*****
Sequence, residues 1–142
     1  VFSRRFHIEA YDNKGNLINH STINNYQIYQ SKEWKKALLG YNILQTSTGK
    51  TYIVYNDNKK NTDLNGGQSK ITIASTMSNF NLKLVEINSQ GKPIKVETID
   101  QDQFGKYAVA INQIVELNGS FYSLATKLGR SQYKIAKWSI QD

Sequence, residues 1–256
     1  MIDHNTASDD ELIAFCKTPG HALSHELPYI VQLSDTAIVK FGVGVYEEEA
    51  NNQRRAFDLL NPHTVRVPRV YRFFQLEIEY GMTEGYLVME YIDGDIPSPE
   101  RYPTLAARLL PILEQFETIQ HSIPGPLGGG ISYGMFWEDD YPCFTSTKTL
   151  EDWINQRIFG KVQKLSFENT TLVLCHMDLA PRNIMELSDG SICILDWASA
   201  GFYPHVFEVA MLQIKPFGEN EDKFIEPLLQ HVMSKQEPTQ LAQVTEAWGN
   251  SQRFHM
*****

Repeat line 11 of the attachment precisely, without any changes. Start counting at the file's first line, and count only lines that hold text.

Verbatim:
   251  SQRFHM